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Wednesday, April 21, 2021

India extends shelf life of Serum’s Covishield to 9 months: Report

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India’s drug regulator has allowed the AstraZeneca Covid-19 vaccine to be used for up to nine months from its manufacture date, as opposed to the prescribed six months, according to a document reviewed by Reuters and a source.

The approval, given to a licensed version of the drug made by the Serum Institute of India (SII) and exported to dozens of countries, could help health authorities minimise vaccine wastage and better plan their inoculation programmes.

Some African countries have only until the middle of next month to use up more than a million doses of the vaccine – branded Covishield by SII – if the shelf life is not extended.

“You are permitted to apply the shelf-life of 9 month to unlabelled vials available on hand,” India’s drugs controller-general, V.G. Somani, wrote late last month in reply to a request from the SII.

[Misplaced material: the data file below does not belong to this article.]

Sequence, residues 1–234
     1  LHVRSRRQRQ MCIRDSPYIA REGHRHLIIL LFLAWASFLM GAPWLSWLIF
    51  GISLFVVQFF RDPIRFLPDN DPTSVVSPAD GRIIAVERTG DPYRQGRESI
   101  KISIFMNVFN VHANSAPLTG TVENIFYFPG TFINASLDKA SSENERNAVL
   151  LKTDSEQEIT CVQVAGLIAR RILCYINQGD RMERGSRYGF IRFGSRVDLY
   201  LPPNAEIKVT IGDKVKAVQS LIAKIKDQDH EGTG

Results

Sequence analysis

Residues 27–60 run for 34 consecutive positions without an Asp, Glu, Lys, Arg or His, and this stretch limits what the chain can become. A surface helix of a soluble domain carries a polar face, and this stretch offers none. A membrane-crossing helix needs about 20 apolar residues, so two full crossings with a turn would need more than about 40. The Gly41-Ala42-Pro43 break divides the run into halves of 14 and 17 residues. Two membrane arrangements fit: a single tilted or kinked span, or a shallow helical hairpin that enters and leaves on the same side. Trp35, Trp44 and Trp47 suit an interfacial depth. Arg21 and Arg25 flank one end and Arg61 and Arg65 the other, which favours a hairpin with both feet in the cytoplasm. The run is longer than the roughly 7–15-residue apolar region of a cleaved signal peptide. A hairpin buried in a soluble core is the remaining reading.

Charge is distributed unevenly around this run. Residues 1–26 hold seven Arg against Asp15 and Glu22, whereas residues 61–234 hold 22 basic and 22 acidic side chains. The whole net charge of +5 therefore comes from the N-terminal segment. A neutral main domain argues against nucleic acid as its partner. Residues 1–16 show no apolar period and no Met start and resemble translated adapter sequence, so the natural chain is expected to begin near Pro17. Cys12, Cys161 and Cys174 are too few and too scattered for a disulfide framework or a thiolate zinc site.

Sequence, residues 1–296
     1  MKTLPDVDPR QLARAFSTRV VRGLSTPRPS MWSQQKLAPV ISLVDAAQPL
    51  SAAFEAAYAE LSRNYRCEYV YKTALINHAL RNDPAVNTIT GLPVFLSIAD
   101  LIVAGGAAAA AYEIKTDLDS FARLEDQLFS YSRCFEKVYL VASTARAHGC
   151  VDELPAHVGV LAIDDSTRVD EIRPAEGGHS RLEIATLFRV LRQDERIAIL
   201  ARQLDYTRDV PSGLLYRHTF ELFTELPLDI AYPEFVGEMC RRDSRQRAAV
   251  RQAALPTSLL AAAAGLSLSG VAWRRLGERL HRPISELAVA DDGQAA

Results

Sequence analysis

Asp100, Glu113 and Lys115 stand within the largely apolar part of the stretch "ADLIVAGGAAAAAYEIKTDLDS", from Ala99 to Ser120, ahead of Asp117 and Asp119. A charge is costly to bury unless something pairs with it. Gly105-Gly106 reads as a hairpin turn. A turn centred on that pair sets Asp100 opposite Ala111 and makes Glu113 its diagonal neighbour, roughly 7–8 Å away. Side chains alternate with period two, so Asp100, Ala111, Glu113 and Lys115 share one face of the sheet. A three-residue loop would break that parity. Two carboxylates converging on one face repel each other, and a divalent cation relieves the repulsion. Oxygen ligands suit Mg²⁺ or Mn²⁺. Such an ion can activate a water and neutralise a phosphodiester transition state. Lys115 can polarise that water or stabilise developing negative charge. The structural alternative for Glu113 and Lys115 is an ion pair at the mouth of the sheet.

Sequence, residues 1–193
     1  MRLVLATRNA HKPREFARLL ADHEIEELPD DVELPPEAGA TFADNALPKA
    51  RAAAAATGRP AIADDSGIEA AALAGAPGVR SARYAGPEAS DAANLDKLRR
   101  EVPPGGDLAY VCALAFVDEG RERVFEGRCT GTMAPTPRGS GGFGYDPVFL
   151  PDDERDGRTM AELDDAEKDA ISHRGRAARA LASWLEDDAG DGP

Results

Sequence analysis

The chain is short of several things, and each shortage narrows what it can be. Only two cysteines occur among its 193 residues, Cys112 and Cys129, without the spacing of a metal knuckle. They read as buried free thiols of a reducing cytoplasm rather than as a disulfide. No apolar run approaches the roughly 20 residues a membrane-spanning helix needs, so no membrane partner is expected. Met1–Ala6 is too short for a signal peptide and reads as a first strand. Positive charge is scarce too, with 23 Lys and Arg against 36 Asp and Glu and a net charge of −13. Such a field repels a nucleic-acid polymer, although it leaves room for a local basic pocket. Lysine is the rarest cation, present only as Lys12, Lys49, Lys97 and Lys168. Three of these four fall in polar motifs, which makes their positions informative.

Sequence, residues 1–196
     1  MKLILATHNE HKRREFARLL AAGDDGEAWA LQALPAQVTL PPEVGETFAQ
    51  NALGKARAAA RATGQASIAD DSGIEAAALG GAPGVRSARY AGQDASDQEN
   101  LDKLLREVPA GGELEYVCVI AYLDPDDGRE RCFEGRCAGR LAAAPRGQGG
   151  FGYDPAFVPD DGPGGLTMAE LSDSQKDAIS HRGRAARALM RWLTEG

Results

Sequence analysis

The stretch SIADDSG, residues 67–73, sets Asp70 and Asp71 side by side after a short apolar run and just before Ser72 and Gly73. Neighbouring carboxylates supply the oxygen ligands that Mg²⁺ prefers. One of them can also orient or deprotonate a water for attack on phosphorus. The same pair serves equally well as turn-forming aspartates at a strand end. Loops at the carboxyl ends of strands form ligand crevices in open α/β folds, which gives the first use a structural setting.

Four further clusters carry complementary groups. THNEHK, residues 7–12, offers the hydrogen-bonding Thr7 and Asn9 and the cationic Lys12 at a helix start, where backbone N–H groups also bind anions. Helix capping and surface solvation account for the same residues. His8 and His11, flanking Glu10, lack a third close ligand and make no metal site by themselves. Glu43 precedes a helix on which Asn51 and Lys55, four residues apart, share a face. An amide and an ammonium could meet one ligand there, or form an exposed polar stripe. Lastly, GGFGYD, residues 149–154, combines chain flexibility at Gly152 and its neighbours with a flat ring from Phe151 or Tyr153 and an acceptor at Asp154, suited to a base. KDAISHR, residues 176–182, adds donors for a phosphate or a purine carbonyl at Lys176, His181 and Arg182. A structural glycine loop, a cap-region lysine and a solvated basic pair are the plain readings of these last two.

AstraZeneca said in a statement last week that its product could be stored, transported and handled at normal refrigerated conditions for at least six months. The World Health Organization website also gives the shelf-life of Covishield and the South Korean-made AstraZeneca shot as six months.

Reuters has reviewed Somani’s approval, which has been communicated to some African countries, but could not determine if his recommendation applied to unused vials. Each vial typically contains 5 millilitre of vaccine, or 10 doses.

The source, with direct knowledge of the matter but not authorised to discuss it publicly, said the approval was given based on data submitted by the SII. The source did not specify what kind of data was shared by the company, the world’s biggest vaccine maker.

Somani, the SII and AstraZeneca did not immediately respond to requests for comment.

India has so far administered 55 million Covishield doses at home and exported nearly 64 million. India is also using another vaccine developed domestically by Bharat Biotech.

(Only the headline and picture of this report may have been reworked by the Business Standard staff; the rest of the content is auto-generated from a syndicated feed.)

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